Since the global financial crisis, there has been a marked change in how governments use their liquid and illiquid assets. With interest rates at record lows and global economic growth sluggish, the appeal of traditional savings and stabilisation funds has diminished. Instead, many states have created development funds that form part of their domestic economic policies.
These funds follow the lead of two well-established South-East Asian SWFs, Singapore’s Temasek Holdings and Malaysia’s Khazanah Nasional. These funds acquire stakes in companies in strategic industries to nurture their development, promoting the growth of the wider economy and realising financial returns. Temasek and Khazanah have also been able to build portfolios of overseas assets from the proceeds of the realisation of some of their major investments, as well as using the dividends and other cash distributions they receive from their portfolio companies.
The Irish Strategic Investment Fund (ISIF) neatly illustrates how these vehicles differ from traditional savings funds. ISIF has a mandate to invest on a commercial basis to support economic activity and employment in Ireland in targeted economic sectors. The fund’s recent activity includes the launch of an infrastructure development plan to finance student accommodation across Ireland and a €100 million ($107 million) fund that will offer loans to Irish milk producers.
Strategic funds can promote the domestic economy in a variety of ways. They may provide financing to early-stage companies in strategic industries, or buy long-term stakes to facilitate the development of more mature firms. Some, like Kazakhstan’s Samruk-Kazyna, are active managers of their portfolio companies, aiming to upgrade their operations and profitability with a view to privatisation.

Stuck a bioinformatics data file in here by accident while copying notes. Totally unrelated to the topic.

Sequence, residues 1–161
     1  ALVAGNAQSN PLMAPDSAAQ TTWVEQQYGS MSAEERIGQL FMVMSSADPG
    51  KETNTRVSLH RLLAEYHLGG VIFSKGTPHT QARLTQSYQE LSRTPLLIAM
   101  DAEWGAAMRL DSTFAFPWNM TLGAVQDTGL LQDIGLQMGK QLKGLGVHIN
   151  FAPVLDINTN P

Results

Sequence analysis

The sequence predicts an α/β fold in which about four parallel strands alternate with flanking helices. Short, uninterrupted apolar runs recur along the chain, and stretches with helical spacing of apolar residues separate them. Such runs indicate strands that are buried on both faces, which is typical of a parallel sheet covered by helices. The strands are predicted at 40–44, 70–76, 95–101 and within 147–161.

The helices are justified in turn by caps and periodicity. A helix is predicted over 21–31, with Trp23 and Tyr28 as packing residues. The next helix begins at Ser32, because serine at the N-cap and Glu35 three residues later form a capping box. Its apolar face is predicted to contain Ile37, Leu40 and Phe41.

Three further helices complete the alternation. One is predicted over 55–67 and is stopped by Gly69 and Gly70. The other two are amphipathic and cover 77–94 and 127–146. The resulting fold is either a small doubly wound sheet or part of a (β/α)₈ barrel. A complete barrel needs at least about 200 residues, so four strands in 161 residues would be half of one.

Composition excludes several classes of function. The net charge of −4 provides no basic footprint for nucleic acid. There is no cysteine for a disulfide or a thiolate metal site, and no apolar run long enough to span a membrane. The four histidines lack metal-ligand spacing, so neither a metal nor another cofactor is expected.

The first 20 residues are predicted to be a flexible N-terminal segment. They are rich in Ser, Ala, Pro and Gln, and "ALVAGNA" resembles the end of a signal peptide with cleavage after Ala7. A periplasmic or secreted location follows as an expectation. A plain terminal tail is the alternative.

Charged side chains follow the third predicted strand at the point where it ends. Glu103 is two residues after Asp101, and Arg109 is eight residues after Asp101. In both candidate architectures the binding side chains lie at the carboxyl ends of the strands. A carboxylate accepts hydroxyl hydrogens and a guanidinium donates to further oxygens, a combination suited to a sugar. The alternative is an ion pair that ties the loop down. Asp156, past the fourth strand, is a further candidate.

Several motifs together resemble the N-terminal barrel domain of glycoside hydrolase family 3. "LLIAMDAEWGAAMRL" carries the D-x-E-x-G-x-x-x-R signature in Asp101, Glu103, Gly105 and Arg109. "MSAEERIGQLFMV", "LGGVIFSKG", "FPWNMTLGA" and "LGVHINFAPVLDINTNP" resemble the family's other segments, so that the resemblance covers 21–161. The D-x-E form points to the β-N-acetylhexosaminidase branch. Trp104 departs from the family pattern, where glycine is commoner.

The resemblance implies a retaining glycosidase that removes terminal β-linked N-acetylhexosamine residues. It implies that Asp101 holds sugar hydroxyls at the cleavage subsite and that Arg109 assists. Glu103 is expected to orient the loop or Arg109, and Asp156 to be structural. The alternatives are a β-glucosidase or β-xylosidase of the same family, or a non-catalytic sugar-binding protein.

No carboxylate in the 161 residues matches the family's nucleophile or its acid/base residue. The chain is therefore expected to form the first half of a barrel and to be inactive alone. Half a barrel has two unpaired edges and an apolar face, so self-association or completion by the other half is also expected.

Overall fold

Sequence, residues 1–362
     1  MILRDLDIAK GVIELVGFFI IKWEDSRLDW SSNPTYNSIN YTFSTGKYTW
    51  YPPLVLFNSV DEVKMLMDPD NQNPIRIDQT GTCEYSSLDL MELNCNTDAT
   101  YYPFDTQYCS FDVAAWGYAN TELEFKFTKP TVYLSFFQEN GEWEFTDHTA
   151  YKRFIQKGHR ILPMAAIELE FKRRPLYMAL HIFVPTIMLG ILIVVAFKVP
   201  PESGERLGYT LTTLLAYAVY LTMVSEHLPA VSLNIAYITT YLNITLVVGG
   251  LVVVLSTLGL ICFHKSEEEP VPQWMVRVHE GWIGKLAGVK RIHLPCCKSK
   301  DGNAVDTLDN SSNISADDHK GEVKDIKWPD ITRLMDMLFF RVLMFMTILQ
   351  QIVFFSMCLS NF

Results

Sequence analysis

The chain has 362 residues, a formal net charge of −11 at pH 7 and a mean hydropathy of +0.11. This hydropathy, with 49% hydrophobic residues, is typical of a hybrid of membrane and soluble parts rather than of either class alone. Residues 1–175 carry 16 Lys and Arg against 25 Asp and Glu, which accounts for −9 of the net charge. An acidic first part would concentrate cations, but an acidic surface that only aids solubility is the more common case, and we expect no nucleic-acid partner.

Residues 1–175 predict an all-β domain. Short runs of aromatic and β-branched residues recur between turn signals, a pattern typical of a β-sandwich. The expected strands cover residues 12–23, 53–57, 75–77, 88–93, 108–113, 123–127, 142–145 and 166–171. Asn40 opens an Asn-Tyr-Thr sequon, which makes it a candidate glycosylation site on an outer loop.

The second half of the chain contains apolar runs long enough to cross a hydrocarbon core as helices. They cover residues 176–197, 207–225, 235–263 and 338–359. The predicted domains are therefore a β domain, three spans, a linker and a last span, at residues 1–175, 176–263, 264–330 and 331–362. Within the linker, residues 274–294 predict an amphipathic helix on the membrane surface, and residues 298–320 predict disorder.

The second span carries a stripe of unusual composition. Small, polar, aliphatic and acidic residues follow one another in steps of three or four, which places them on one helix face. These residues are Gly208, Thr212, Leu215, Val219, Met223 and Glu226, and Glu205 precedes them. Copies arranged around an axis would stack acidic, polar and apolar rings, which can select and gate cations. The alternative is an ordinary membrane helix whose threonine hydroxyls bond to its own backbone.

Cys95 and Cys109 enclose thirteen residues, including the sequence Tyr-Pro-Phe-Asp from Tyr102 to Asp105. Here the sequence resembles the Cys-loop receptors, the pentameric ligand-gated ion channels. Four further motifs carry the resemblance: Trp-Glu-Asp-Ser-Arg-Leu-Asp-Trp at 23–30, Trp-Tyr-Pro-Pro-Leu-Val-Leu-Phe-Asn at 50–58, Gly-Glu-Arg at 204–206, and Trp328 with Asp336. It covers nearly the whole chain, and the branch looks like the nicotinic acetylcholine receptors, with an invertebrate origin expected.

Some strategic funds will make direct investments in critical infrastructure projects, occasionally using their local expertise to leverage co-investments from peer institutions.
Case Study: Investment Corporation of Dubai (ICD)
Established in 2006, ICD manages a broad portfolio of local and international assets across the various sectors supporting Dubai’s growing economy. ICD’s mandate is to consolidate and manage the Government’s portfolio of commercial companies and investments. The fund also provides strategic oversight by developing and implementing an investment strategy and corporate governance policies that maximise value for the long-term benefit of the Emirate of Dubai.
ICD focused on consolidating the state-owned enterprises entrusted to it in its early years. Since then, the composition of the core portfolio has remained relatively stable, with the portfolio companies growing and performing well over cycles. For some time now, ICD’s focus has been on portfolio management and capital deployment, both critical to successfully implementing its mandate. As a natural evolution of the strategy, ICD has recently emphasised a gradual repositioning of the portfolio to achieve a greater level of diversification and enhance its long-term risk-adjusted return potential.
ICD does not typically direct the day-to-day operations of its portfolio companies. Each portfolio company is managed by its management team and guided and supervised by its Board of Directors. However, in its capacity as a shareholder, ICD can actively engage various stakeholders, including the boards and management teams of its portfolio companies, either directly or through designated board members. Shareholder activity is carried out to promote sound business practices, consistent with ICD’s mandate to supervise and monitor its portfolio companies.
When required or justified by circumstances, ICD also provides assistance to its portfolio companies to support their development. This support may take various forms, including advice on strategy, funding, ESG, HR and legal matters. Occasionally, ICD also facilitates cooperation between portfolio companies, as appropriate.